"Oh, never say that, Miss Hepzibah!" answered the old man. "You are a

young woman yet. Why, I hardly thought myself younger than I am now,

it seems so little while ago since I used to see you playing about the

door of the old house, quite a small child! Oftener, though, you used

to be sitting at the threshold, and looking gravely into the street;

for you had always a grave kind of way with you,--a grown-up air, when

you were only the height of my knee. It seems as if I saw you now; and

your grandfather with his red cloak, and his white wig, and his cocked

hat, and his cane, coming out of the house, and stepping so grandly up

the street! Those old gentlemen that grew up before the Revolution used

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to put on grand airs. In my young days, the great man of the town was

commonly called King; and his wife, not Queen to be sure, but Lady.

Nowadays, a man would not dare to be called King; and if he feels

himself a little above common folks, he only stoops so much the lower

to them. I met your cousin, the Judge, ten minutes ago; and, in my old

tow-cloth trousers, as you see, the Judge raised his hat to me, I do

believe! At any rate, the Judge bowed and smiled!"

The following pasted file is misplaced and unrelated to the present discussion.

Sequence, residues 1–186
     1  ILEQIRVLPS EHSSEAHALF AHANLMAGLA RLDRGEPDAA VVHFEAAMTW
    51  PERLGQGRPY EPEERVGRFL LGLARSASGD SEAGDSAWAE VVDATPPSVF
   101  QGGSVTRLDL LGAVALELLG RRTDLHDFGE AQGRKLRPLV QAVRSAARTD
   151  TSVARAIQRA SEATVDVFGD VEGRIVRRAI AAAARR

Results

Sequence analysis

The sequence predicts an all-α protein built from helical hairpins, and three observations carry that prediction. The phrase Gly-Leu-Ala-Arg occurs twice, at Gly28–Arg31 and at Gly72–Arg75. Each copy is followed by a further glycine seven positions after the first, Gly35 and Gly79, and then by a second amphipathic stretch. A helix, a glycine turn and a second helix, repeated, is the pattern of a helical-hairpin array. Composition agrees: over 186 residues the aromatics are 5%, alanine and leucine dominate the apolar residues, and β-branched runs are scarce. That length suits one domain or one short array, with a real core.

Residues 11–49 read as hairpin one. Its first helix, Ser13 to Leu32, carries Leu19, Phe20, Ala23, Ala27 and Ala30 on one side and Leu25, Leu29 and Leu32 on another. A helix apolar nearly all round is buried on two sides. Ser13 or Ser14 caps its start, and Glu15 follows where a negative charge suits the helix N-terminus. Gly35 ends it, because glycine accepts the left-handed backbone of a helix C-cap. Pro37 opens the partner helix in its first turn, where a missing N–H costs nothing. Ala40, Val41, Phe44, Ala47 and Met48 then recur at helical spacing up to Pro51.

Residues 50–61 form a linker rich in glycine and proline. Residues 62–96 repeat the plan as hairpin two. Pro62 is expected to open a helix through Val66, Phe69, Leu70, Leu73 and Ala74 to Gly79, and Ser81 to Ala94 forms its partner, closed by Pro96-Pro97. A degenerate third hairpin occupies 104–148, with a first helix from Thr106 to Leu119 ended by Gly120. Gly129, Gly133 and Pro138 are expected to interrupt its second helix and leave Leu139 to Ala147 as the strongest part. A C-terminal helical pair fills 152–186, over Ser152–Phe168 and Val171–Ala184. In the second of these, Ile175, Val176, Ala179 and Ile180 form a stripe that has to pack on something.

"Yes," said Hepzibah, with something bitter stealing unawares into her

tone; "my cousin Jaffrey is thought to have a very pleasant smile!"

"And so he has" replied Uncle Venner. "And that's rather remarkable in

a Pyncheon; for, begging your pardon, Miss Hepzibah, they never had the

name of being an easy and agreeable set of folks. There was no getting

close to them. But Now, Miss Hepzibah, if an old man may be bold to

ask, why don't Judge Pyncheon, with his great means, step forward, and

tell his cousin to shut up her little shop at once? It's for your

credit to be doing something, but it's not for the Judge's credit to

let you!"

"We won't talk of this, if you please, Uncle Venner," said Hepzibah

coldly. "I ought to say, however, that, if I choose to earn bread for

myself, it is not Judge Pyncheon's fault. Neither will he deserve the

blame," added she more kindly, remembering Uncle Venner's privileges of

age and humble familiarity, "if I should, by and by, find it convenient

to retire with you to your farm."

"And it's no bad place, either, that farm of mine!" cried the old man

cheerily, as if there were something positively delightful in the

prospect. "No bad place is the great brick farm-house, especially for

them that will find a good many old cronies there, as will be my case.

I quite long to be among them, sometimes, of the winter evenings; for

it is but dull business for a lonesome elderly man, like me, to be

nodding, by the hour together, with no company but his air-tight stove.

Summer or winter, there's a great deal to be said in favor of my farm!

And, take it in the autumn, what can be pleasanter than to spend a

whole day on the sunny side of a barn or a wood-pile, chatting with

somebody as old as one's self; or, perhaps, idling away the time with a

natural-born simpleton, who knows how to be idle, because even our busy

Yankees never have found out how to put him to any use? Upon my word,

Miss Hepzibah, I doubt whether I've ever been so comfortable as I mean

to be at my farm, which most folks call the workhouse. But

you,--you're a young woman yet,--you never need go there! Something

still better will turn up for you. I'm sure of it!"